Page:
JOURNAL ARTICLE

Laparoscopic repair of vaginal vault prolapse by lateral suspension with mesh

Jean Dubuisson, Isabelle Eperon, Patrick Dällenbach, Jean-Bernard Dubuisson
Archives of Gynecology and Obstetrics 2013, 287 (2): 307-12
23001368

BACKGROUND: To evaluate the long-term outcomes of laparoscopic lateral suspension using mesh reinforcement for symptomatic posthysterectomy vaginal vault prolapse.

MATERIALS AND METHODS: We analyzed in a prospective cohort study all the women treated by laparoscopic lateral suspension with mesh for symptomatic vaginal vault prolapse between January 2004 and September 2010. In this procedure, the mesh is laterally suspended to the abdominal wall, posterior to the anterior superior iliac spine. We performed systematic follow-up examinations at 4 weeks, 6 months and yearly postoperatively. Clinical evaluation of pelvic organ support was assessed by the pelvic organ prolapse quantification (POP-Q) grading system. Main outcome measures were recurrence rate, reoperation rate for symptomatic recurrence or de novo prolapse, mesh erosion rate, reoperation rate for mesh erosion, total reoperation rate.

OBSERVATIONS AND RESULTS: Of the 73 patients seen at a mean 17.5 months follow-up, recurrent vaginal vault prolapse was registered in only one woman (success rate of 98.6 %). When considering all vaginal sites, we observed a total of 13 patients with recurrent or de novo prolapse (17.8 %). The non-previously treated posterior compartment was involved in eight cases (new appearance rate of 11 %). Of these 13 women, only 6 were symptomatic, requiring surgical management (reoperation rate for genital prolapse of 8.2 %). Four patients presented with mesh erosion into the vagina (5.5 %). Two required partial vaginal excision of the mesh in the operating room (2.7 %). There were no mesh-related infections. The total reoperation rate was 11 %.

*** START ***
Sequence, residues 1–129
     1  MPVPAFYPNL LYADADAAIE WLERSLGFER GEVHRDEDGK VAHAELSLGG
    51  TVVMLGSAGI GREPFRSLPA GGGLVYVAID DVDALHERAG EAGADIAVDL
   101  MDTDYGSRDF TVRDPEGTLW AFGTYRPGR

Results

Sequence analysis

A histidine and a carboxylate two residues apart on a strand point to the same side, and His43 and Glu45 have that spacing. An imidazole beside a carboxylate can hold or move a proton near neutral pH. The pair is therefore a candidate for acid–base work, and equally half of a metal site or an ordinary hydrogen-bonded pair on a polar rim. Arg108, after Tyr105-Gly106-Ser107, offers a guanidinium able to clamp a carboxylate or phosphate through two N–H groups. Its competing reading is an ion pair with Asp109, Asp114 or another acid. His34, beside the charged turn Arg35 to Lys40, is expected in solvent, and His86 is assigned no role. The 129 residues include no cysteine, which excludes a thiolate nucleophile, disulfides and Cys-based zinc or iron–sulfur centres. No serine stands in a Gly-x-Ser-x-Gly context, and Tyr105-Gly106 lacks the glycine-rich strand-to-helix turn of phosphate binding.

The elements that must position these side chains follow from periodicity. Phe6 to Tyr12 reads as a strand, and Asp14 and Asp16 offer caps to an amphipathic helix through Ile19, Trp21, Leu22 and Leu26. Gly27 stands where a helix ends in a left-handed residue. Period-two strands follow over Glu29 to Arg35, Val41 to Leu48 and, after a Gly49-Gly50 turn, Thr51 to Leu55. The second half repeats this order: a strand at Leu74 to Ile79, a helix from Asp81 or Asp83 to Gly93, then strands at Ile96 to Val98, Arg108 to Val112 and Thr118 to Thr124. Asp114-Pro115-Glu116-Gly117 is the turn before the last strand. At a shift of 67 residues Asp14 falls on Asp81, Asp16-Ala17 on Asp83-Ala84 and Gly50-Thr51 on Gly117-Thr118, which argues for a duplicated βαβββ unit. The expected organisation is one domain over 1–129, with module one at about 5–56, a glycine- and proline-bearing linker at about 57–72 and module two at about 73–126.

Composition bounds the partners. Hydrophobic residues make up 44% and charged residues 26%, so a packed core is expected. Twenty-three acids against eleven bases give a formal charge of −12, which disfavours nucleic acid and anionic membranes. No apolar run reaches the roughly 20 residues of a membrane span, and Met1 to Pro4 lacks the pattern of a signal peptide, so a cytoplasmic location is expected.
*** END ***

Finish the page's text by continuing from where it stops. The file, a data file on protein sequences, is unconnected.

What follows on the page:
CONCLUSION: Laparoscopic lateral suspension with mesh interposition is a safe and effective technique for the treatment of vaginal vault prolapse. This approach represents an alternative procedure to the laparoscopic sacrocolpopexy.

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